The question is one intimately connected with the view taken as to the nature and individuality of polyp, medusa and gonophore respectively. On this point the following theories have been put forward.

1. The theory that the medusa is simply an organ, which has become detached and has acquired a certain degree of independence, like the well-known instance of the hectocotyle of the cuttle-fish. On this view, put forward by E. van Beneden and T. H. Huxley, the sporosac is the starting-point of an evolution leading up through the various types of gonophores to the free medusa as the culminating point of a phyletic series. The evidence against this view may be classed under two heads: first, comparative evidence; hydroids very different in their structural characters and widely separate in the systematic classification of these organisms may produce medusae very similar, at least so far as the essential features of medusan organization are concerned; on the other hydroids closely allied, perhaps almost indistinguishable, may produce gonophores in the one case, medusae in the other; for example, Hydractinia (gonophores) and Podocoryne (medusae), Tubularia (gonophores) and Ectopleura (medusae), Coryne (gonophores) and Syncoryne (medusae), and so on. If it is assumed that all these genera bore gonophores ancestrally, then medusa of similar type must have been evolved quite independently in a great number of cases. Secondly, there is the evidence from the development, namely, the presence of the entocodon in the medusa-bud, a structure which, as explained above, can only be accounted for satisfactorily by derivation from a medusan type of organization. Hence it may be concluded that the gonophores are degenerate medusae, and not that the medusae are highly elaborated gonophores, as the organ-theory requires.

2. The theory that the medusa is an independent individual, fully equivalent to the polyp in this respect, is now universally accepted as being supported by all the facts of comparative morphology and development. The question still remains open, however, which of the two types of person may be regarded as the most primitive, the most ancient in the race-history of the Hydromedusae. F. M. Balfour put forward the view that the polyp was the more primitive type, and that the medusa is a special modification of the polyp for reproductive purposes, the result of division of labour in a polyp-colony, whereby special reproductive persons become detached and acquire organs of locomotion for spreading the species. W. K. Brooks, on the other hand, as stated above, regards the medusa as the older type and looks upon both polyp and medusa, in the Hydromedusae, as derived from a free-swimming or floating actinula, the polyp being thus merely a fixed nutritive stage, possessing secondarily acquired powers of multiplication by budding.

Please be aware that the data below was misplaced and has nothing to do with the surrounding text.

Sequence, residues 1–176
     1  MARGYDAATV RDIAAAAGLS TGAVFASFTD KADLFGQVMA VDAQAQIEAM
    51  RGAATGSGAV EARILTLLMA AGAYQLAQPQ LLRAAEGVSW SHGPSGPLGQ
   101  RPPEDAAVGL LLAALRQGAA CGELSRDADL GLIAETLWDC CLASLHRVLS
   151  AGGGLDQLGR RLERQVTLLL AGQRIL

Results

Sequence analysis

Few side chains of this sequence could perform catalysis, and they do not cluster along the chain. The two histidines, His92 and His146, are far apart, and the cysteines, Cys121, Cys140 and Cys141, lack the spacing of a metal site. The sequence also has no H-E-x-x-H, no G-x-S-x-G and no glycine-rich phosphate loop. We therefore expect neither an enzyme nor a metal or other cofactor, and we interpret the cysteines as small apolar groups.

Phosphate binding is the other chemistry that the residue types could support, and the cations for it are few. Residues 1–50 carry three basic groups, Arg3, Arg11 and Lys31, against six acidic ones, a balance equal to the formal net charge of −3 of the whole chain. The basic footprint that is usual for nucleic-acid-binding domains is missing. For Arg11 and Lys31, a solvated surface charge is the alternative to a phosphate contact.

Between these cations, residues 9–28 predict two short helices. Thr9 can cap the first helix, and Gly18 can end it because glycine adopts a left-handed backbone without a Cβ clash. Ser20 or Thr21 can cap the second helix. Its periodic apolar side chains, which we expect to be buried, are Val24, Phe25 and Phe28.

The Hertwigs when they discovered the endoderm-lamella showed on morphological grounds that polyp and medusa are independent types, each produced by modification in different directions of a more primitive type represented in development by the actinula-stage. If a polyp, such as Hydra, be regarded simply as a sessile actinula, we must certainly consider the polyp to be the older type, and it may be pointed out that in the Anthozoa only polyp-individuals occur. This must not be taken to mean, however, that the medusa is derived from a sessile polyp; it must be regarded as a direct modification of the more ancient free actinula form, without primitively any intervening polyp-stage, such as has been introduced secondarily into the development of the Leptolinae and represents a revival, so to speak, of an ancestral form or larval stage, which has taken on a special role in the economy of the species.